The U.S. Transportation Department’s Inspector General says the FAA has to update its standards for emergency airliner evacuations to reflect the new realities inside the aluminum tube. After the less than ideal evacuation of an American Airlines Boeing 767 that had an uncontained engine failure on takeoff in Chicago in 2016, the House Transportation Committee ordered the OIG to investigate and the report went to Congress last week. It found the FAA hadn’t amended the regulations or researched the issue for almost 30 years and in the meantime the seats have gotten smaller, passengers have gotten bigger and there are more carry-on bags, electronic devices and support animals onboard. It said the agency doesn’t track the changing circumstances inside airliners. “This lack of data inhibits FAA’s ability to determine how to improve evacuation regulations and protect passenger safety in emergencies,” the report said.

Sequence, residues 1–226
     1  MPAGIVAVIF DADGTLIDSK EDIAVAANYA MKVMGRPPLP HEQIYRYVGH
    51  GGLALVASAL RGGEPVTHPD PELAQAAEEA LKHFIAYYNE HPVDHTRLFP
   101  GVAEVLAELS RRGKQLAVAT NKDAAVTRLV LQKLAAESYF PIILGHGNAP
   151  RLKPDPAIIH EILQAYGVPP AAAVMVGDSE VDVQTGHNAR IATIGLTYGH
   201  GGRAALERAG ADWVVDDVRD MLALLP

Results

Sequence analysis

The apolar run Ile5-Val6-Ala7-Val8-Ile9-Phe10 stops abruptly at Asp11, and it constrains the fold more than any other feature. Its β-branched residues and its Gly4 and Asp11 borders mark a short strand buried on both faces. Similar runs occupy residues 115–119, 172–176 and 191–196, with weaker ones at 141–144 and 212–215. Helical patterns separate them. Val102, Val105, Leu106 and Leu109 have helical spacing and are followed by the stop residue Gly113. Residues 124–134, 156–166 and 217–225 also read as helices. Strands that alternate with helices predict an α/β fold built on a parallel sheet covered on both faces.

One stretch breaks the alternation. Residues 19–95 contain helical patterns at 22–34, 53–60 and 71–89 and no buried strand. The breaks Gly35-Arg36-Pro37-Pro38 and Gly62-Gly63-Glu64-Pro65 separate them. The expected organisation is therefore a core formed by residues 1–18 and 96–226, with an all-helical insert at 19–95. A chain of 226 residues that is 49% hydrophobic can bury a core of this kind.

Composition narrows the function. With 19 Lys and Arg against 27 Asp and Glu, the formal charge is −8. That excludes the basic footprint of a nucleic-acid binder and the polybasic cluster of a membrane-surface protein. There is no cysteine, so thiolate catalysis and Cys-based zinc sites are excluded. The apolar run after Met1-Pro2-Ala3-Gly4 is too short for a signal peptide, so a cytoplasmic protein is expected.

In its response, the FAA agreed it could do better with the research and accepted the OIG recommendations on that. But it also noted it hasn’t been sitting on its hands for 30 years and has initiated many measures that improve the overall survivability of aircraft incidents that involve evacuations, including better cabin lighting, egress routes, flammability, seat testing and escape systems. It said the report relies too heavily on benchmark certification standards that might or might not apply in the widely varying circumstances of an aircraft incident. It didn’t mention it in its response but the agency also did a series of evacuation tests last year to measure the impact of more crowded cabins on evacuations.